Taxpayers in Charlottesville and Albemarle County are forking out thousands to pay for a housing complex that was supposed to be funded with federal vouchers. This is because the city and the county did not comply with the regulations required by the U.S. Department of Housing and Urban Development (HUD).
HUD says the county and the Charlottesville Redevelopment and Housing Authority did not play by the rules. And because of that, city and county taxpayers have had to fork out more than $100,000 this past year for The Crossings at Fourth and Preston. The money paid for 30 homeless people to live in the complex.
Just last month, city taxpayers contributed $11,669 and county taxpayers paid $3,975.
This is where things went wrong: In order for the rent to be paid by federal vouchers, the city and the county have to follow HUD regulations. For example, HUD requires a hearing for public comment be held - which never happened. A spokesperson for HUD also says the paperwork and plans were not submitted on time.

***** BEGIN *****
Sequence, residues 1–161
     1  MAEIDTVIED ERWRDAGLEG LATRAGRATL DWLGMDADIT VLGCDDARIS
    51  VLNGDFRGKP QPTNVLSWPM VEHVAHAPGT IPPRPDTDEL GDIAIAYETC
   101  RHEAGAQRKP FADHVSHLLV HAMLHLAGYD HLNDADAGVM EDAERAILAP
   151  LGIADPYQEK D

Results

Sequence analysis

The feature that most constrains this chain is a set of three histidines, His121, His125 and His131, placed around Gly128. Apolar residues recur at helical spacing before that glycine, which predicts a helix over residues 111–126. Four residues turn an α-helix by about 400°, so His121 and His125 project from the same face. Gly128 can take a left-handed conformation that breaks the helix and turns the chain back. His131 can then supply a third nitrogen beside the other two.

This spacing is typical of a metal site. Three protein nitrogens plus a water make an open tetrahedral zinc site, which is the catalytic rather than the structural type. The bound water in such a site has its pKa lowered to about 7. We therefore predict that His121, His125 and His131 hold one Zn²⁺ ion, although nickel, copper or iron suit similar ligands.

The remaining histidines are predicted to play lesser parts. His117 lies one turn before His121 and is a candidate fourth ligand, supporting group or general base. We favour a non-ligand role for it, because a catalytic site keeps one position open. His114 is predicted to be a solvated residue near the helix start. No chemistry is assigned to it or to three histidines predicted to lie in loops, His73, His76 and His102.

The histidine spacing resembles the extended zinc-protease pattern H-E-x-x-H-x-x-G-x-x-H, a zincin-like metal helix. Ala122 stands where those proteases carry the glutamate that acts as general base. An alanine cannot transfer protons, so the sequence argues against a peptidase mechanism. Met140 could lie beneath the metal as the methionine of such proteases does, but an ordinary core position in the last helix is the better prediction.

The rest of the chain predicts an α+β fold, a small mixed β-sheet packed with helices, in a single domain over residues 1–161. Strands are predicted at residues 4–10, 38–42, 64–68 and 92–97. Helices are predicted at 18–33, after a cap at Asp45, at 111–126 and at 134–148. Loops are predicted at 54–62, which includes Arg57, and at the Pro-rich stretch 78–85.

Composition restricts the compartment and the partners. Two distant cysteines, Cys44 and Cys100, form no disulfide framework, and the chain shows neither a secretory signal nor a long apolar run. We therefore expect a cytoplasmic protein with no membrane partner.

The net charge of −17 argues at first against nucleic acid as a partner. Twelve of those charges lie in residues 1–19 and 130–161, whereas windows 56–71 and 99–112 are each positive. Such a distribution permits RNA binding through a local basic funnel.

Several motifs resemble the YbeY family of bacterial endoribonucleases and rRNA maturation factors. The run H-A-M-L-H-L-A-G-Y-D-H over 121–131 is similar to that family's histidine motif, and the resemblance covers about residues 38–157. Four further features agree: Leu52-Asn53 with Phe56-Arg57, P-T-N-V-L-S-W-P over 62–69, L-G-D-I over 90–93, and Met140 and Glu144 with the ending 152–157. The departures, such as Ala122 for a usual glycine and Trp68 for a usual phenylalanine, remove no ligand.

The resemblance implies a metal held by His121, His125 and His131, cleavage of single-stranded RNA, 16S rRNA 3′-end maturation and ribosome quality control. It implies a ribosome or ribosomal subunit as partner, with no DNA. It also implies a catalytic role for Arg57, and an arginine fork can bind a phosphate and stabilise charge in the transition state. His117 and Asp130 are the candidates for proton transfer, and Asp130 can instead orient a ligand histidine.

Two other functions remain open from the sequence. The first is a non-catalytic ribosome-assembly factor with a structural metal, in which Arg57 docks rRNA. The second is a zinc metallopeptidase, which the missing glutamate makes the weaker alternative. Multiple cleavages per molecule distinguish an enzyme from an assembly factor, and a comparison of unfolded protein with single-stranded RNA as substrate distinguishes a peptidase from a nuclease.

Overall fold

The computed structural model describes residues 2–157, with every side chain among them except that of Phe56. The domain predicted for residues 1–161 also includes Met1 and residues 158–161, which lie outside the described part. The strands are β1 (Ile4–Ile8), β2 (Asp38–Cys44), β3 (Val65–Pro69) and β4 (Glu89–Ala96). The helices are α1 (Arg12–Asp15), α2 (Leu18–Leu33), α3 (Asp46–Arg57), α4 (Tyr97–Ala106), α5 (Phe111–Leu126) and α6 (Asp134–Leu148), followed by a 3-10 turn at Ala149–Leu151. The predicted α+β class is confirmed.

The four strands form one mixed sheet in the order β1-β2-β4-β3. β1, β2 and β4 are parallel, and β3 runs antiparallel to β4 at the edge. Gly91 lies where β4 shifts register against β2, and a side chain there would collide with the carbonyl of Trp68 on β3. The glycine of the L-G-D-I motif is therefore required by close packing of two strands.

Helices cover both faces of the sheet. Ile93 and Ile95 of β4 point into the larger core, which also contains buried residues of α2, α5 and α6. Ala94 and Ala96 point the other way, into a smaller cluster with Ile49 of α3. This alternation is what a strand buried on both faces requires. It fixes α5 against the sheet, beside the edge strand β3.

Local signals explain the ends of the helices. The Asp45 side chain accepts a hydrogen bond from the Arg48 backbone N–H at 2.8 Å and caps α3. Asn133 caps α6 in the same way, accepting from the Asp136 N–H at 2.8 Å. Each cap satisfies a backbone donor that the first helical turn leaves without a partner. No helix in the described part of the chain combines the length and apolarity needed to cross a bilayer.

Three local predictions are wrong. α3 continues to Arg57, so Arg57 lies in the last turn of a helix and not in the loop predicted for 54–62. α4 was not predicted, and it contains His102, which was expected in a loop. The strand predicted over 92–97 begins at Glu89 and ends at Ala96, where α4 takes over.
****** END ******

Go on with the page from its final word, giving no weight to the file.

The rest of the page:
Lisa Wolfe, a spokeswoman with HUD said both a five-year plan and an annual plan must be filed with HUD. Wolfe said the county and Charlottesville's housing authority failed to file either plan.
"They just didn't follow the steps that they needed to take," said Wolfe.
Wolfe said it is also required to include how many vouchers are needed for the plans. She said Albemarle County needed nine and the city needed 21 but neither were included in a plan.
"The procedures basically had always been in place, they just hadn't been formalized in a written regulation so HUD said, you know, you're not in compliance with what we require therefore we're not going to let you project base the vouchers," said Kathy McHugh, Charlottesville housing development specialist.
Wolfe said housing authorities were sent a reminder notice about HUD regulations in fall of 2011.
The county can still apply for a waiver. A spokesperson for HUD says that process can take a while though - six months or more.
Regardless of whether a waiver is in place - it's not stopping the bills from being paid by city and county taxpayers. McHugh says the city could continue to pay more than $11,000 per month for nine more years if the waiver is not approved.
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